Black Sigatoka, which is also called black leaf streak, is a threat to banana plants in many southern countries . It is caused by a fungus, Mycosphaerella fijiensis, and is characterized by leaf necroses that result in significant yield losses.
According to historical data, Papua New Guinea is generally assumed to be the birth place of the pathogen. However, in 1996, a team from CIRAD was the first to suggest that the origin of its recent spread worldwide may be Southeast Asia as a whole. The team has just confirmed its hypothesis.
To reach this conclusion, the researchers studied the diversity of the pathogen usinggenetic markers. They worked on 730 individuals from 37 countries covering thepathogen's distribution zone. "We expected to see a high density in PapuaNew Guinea alone ", Jean Carlier, a plant pathologist at CIRAD andco-author of the study, explains. "But this was also the case for several other places in Southeast Asia ." These results confirm the existence inM. fijiens is of an extensive diversity centre covering the whole of SoutheastAsia. They also strongly suggest that the disease spread a long time ago through this zone, which includes the birthplace of the pathogen : "the pathogen may have appeared in Papua New Guinea, but it could just as well have appeared else where in Southeast Asia ", the researcher stresses.
The study also revealed the routes taken by M. fijiensis as it spread world wide , inparticular with two different introduction scenarios in Africa and Latin America. Whereas a small number of very genetically similar individuals were apparently the origin of the invasion of Africa, probably as a result of a single introduction, Latin America appears to have been invaded by populations resulting from a mixture of sources. According to historical data, the mix apparently happened in Honduras. However, in both cases, the introduction ledto the rapid spread of the disease.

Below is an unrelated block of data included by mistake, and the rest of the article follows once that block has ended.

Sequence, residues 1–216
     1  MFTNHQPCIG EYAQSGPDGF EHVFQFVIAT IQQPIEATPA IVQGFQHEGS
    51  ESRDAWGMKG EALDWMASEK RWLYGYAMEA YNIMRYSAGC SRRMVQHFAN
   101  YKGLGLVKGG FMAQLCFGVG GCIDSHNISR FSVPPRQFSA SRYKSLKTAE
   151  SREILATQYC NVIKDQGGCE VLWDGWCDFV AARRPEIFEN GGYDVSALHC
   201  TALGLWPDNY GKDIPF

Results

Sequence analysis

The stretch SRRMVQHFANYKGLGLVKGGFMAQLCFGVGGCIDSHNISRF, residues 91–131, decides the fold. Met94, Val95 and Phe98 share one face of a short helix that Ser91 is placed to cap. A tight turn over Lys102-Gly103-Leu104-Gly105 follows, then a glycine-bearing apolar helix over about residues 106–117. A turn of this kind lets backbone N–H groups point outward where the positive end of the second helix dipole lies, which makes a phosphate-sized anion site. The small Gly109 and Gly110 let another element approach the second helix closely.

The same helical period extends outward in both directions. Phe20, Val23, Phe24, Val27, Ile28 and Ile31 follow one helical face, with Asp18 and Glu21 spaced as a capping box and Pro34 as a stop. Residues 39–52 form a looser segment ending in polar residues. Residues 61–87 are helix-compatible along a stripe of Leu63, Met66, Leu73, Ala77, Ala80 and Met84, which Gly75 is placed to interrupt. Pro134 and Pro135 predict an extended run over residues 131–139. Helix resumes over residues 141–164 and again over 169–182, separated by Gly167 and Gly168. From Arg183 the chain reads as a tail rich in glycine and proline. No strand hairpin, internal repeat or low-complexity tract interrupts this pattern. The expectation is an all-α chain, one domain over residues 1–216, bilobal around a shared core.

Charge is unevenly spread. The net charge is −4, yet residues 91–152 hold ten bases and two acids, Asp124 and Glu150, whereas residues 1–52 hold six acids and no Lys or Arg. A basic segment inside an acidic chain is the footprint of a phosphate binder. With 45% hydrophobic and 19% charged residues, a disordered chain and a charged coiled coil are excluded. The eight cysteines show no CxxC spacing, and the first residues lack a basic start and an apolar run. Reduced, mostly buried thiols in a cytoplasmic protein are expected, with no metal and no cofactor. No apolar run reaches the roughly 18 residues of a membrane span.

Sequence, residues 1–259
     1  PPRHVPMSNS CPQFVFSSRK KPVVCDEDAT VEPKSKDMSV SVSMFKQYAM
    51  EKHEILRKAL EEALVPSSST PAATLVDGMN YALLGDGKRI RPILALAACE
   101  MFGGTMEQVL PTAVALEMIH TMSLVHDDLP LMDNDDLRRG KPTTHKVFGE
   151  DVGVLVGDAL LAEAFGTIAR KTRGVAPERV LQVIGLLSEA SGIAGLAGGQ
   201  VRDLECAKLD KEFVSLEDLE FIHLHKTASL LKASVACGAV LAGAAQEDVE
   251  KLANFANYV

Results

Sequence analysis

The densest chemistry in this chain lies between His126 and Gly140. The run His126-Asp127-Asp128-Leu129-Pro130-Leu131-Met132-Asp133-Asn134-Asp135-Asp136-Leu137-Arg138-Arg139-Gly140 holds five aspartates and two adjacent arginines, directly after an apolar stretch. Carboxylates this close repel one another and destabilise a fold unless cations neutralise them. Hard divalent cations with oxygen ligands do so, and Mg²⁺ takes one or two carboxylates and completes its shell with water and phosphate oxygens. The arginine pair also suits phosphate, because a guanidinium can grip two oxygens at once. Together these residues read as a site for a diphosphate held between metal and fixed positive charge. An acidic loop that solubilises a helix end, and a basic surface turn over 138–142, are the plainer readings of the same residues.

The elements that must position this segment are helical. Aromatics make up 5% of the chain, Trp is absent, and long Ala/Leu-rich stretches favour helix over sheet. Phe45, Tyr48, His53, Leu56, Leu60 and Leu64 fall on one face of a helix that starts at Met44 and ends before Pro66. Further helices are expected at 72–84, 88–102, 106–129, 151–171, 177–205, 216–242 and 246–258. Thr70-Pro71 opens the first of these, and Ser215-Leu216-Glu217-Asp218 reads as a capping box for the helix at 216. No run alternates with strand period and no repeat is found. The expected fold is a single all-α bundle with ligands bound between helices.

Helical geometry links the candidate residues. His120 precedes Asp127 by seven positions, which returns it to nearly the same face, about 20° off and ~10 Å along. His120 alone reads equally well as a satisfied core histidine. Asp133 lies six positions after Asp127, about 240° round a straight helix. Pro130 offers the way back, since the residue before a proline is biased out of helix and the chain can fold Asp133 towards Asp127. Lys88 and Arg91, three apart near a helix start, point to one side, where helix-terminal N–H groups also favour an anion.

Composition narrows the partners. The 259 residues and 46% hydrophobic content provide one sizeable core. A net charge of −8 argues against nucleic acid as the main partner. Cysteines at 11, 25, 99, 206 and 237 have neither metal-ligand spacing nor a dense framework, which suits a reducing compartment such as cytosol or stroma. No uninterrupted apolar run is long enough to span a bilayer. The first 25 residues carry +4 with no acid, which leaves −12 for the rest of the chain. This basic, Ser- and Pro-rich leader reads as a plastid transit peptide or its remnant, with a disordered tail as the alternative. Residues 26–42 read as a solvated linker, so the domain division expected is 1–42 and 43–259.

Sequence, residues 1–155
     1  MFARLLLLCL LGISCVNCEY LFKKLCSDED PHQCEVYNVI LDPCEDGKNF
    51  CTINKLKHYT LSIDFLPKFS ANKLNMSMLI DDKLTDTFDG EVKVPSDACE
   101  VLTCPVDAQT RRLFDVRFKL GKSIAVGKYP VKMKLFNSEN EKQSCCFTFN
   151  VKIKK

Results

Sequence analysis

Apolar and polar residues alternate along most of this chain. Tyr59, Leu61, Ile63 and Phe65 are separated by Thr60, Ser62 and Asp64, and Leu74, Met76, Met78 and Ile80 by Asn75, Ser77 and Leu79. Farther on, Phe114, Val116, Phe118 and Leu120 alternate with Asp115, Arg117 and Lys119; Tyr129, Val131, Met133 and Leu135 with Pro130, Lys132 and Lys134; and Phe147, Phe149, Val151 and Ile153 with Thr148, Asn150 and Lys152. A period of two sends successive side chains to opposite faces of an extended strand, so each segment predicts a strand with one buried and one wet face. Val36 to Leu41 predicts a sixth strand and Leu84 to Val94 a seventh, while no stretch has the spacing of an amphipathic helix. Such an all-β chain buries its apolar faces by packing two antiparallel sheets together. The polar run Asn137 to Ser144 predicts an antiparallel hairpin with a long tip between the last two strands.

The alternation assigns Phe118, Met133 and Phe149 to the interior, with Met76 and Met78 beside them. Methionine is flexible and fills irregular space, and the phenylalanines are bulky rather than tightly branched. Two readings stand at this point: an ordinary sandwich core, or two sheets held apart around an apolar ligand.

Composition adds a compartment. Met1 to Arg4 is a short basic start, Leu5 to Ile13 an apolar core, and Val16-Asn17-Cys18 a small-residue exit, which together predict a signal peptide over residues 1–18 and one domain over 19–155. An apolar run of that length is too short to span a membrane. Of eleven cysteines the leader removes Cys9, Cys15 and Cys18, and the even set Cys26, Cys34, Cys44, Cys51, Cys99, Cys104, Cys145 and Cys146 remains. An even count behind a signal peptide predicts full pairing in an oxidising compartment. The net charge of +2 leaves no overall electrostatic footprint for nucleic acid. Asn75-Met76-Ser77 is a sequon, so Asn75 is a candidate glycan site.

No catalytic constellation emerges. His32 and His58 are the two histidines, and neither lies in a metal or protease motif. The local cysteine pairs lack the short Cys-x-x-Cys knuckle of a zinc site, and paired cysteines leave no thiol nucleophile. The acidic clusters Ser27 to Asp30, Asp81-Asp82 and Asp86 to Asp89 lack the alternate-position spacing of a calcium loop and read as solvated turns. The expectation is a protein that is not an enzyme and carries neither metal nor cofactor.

This result raises many questions. The researchers suspect that human activity played amajor role in this global invasion. They also suppose that the pathogen had already adapted during the domestication and development of banana growing onthe fringes of its original habitat, before it spread. South east Asia is indeed the birth place of the pathogen, but also of banana and its domestication.
These results serve to explain how this type of disease spreads and causes epidemics world wide. They also show the necessity of tightening quarantine measures to restrict the spread by man. Lastly, they high light the importance of improving our knowledge of host populations and pathogens in their common diversity centre. This knowledge is required in order to determine how the pathogen adapts to its host and environment. It will also be of use in identifying with in the region of origin the zones in which the host and pathogenco-evolved, which are potential sources of host resistance, genetic resources that are required to create new disease-resistant varieties.